Assist one to connect and interacts with others.Assist in managing information.To generate and integrate content.To search for information.To aggregate information and knowledge.
To manipulate, rearrange and repurposeknowledge artefacts.To analyse information to develop knowledge.To reflect, question, challenge, seekclarification, form and defend opinions with thehelp of experts and specialist.To network through a collaborative learningenvironment.
It meets both institutional and instructional needs. It helps in the monitoring of student’s work. It facilitates easier communication and collaboration. Puts tools and information in one place and save time. Less demanding in terms of time and technicalproficiency. It provides easier technical support.
Highly hierarchical.Slower innovation.Limited tools.Not very flexible.
seven crucialaspects1.ROLE OF LEARNER - active, self-directed, creator ofcontent.2. PERSONALISATION - means to get information aboutlearning opportunities and content from community membersand learning services fitting to the learners interests.3. CONTENT - developed by domain experts, specialauthors, tutors and/or teachers to determine what will belearnt and shared.
4. SOCIAL INVOLVEMENT - the community and the socialinvolvement are the key for the learning process and therecommendations for learning opportunities.5.OWNERSHIP - content is organised in multiple, Web-basedtools, ownership is controlled by the learners themselvesand/or (commercial) service providers.6.EDUCATIONAL AND ORGANIZATIONAL CULTURE - self-organised learner in the focus.7. TECHNOLOGICAL ASPECTS - Social Software tools andaggregation of multiple sources.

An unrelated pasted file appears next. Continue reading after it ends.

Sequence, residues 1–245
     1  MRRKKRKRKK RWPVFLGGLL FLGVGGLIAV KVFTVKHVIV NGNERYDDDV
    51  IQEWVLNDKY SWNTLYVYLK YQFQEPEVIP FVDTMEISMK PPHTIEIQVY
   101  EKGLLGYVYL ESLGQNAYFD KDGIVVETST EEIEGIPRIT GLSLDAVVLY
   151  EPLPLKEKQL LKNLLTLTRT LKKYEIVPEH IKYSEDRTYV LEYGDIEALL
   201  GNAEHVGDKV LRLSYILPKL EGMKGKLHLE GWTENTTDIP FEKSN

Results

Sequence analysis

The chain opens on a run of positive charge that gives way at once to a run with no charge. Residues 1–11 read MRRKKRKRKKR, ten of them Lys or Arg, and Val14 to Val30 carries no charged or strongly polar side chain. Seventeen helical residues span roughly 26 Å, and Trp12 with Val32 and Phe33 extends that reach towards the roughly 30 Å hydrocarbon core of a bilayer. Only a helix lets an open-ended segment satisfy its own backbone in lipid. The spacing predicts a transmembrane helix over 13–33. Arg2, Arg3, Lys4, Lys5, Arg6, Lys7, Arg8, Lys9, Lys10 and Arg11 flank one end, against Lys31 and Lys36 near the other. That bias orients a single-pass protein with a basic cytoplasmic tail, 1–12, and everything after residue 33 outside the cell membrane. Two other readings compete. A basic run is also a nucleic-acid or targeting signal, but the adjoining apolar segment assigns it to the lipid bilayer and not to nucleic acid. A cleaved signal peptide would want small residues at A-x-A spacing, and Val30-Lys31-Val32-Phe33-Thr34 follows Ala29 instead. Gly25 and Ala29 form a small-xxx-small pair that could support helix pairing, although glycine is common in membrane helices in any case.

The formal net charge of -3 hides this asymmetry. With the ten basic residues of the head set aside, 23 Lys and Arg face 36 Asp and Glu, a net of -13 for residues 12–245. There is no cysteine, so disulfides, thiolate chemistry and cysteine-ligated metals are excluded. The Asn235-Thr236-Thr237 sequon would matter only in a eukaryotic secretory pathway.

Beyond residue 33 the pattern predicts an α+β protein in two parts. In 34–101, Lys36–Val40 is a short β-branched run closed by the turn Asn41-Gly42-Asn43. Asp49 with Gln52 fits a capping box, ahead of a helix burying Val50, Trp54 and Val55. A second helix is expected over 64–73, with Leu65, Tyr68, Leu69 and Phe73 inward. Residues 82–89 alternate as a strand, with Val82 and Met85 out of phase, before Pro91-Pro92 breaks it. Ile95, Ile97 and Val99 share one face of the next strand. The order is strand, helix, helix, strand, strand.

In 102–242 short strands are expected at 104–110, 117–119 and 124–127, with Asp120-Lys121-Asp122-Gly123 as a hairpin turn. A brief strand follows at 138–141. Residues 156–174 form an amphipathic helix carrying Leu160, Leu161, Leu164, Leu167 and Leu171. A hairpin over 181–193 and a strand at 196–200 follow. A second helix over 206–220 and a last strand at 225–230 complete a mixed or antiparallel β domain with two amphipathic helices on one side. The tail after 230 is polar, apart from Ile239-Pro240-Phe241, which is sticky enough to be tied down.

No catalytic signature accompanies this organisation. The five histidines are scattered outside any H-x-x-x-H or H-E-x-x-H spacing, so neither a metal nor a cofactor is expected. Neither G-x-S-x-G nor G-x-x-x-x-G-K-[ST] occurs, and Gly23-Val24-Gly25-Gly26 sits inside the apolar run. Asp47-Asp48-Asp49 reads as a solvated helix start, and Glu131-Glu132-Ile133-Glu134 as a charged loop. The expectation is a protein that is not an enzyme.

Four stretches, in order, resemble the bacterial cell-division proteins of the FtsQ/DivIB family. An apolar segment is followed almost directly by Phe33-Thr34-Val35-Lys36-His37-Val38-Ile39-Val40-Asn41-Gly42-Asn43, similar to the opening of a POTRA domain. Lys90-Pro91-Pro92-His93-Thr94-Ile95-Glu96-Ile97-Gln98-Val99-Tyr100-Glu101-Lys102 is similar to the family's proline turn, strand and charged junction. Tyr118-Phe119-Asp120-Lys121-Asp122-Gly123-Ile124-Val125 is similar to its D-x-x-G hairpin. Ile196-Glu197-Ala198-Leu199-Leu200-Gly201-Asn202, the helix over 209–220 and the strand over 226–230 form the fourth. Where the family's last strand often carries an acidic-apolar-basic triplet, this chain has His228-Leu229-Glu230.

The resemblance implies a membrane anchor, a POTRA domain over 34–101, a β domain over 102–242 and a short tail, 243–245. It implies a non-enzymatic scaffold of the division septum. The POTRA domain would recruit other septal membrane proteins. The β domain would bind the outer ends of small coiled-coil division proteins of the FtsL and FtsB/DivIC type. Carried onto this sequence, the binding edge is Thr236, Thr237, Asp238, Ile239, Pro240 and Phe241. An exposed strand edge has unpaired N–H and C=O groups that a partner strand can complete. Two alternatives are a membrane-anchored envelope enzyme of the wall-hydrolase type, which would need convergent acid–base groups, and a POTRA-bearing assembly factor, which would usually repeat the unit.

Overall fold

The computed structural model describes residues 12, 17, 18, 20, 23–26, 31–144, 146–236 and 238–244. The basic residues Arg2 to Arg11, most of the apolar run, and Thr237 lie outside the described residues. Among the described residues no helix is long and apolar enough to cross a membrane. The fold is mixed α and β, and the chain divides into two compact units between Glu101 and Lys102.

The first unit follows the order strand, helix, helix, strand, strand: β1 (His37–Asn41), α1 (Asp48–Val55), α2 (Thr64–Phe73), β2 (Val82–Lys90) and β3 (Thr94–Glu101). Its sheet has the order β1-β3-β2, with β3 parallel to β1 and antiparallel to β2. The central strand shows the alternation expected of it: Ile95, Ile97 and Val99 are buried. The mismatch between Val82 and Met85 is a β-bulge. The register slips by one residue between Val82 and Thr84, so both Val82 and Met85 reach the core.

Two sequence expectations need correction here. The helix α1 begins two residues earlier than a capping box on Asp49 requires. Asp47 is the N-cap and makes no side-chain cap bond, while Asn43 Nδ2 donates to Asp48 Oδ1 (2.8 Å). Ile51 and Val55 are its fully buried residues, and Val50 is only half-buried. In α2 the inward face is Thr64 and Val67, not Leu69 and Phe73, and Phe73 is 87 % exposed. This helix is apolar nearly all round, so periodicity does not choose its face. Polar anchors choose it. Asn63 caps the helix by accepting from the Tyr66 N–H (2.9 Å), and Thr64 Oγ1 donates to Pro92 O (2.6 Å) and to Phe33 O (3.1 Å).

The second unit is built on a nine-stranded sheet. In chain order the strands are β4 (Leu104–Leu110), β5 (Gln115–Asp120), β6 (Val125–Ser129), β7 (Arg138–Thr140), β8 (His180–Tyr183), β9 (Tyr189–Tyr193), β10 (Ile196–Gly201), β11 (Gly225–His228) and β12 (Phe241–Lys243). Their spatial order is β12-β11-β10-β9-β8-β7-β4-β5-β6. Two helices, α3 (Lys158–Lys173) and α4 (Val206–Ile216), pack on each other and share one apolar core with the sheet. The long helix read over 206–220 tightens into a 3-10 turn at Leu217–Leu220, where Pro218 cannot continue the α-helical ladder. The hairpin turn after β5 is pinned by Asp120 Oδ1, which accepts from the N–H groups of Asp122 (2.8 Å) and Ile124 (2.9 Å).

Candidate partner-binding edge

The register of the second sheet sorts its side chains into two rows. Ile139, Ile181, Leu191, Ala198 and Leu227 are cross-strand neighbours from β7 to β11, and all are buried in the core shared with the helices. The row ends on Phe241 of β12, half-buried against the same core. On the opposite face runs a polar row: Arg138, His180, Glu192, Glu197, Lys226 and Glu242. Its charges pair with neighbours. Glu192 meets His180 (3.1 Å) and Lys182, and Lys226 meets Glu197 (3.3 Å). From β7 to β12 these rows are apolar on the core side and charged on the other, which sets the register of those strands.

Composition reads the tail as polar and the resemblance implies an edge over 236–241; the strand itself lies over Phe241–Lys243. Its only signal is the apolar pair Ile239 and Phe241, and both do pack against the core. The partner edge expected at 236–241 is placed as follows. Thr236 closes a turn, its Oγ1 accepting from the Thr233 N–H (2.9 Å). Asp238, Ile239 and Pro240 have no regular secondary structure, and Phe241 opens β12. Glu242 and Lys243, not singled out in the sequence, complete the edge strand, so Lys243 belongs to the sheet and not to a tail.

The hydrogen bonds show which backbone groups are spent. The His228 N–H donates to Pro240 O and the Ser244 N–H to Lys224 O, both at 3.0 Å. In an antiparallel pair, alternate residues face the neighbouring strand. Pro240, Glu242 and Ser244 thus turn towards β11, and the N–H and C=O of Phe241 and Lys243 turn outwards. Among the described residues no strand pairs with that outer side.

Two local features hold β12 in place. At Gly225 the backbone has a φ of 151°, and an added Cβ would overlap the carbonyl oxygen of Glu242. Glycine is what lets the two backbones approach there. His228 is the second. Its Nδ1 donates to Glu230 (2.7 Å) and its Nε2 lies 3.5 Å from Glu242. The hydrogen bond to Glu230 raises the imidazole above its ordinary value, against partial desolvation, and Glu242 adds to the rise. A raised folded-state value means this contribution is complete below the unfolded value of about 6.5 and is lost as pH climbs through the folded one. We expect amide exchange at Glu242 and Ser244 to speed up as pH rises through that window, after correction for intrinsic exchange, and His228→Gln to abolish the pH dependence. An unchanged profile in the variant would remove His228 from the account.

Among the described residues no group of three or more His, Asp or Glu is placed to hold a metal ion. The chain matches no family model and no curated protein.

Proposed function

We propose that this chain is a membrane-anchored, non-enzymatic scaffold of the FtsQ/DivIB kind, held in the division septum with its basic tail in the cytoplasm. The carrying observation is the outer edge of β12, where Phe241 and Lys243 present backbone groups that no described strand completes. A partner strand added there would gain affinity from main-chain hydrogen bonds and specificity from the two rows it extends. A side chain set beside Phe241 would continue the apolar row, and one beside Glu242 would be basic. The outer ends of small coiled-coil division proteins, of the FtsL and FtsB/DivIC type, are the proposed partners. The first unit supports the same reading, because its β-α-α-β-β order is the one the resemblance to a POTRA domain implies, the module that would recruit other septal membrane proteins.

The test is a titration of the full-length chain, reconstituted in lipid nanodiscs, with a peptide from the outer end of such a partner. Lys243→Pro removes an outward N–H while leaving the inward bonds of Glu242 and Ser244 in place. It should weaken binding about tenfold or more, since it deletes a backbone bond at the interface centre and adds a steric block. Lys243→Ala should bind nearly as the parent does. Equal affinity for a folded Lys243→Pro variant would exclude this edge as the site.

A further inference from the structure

1. TWITTER- an online networking and micro-blogging service that enables itusers to send and receive text- based messages (tweets) of up to140 characters.2. YouTube- a video sharing site where users can upload, view and sharevideos.
Social networks contribute to the processes by whichlearners meet and communicate, pool, share, learnabout and reuse their resources, knowledge andcompetenciesPersonal Learning networks assist in recognisingdifferent forms and contexts of learning and isperceived as a core for learning networks expanding.“END OF PRESENTATION”Thank you for listening
Graham. A. Personal Learning Environments - a concept based on Web 2 .0and social software. Available at -www.knownet.com/writing/weblogs/Graham_Attwell. Accessed on 11 March2013.Hart, J. (2012). Top 100 Tools for Learning 2012: 6th Annual Survey. Availableat www.C4LPT.co.uk . Accessed on 11 March 2013.Hilzensauer, W. and Schaffert, S. (2008). On the way towards PersonalLearning Environments: Seven crucial aspects. Available atwww.elearningpapers.eu.org. Accessed on 11 March 2013.Ivanova, M. (2009). From Personal Learning Environment Building toProfessional Learning Network Forming. Available athttp://www.slideshare.net/malinkaiva/from-personal-learning-environment-building-to-professional-learning-network-forming . Accessed on 11 March2013.Mota, J. Personal Learning Environments. Available athttp://www.slideshare.nethttp://orfeu.org. Accessed on 11 March 2013.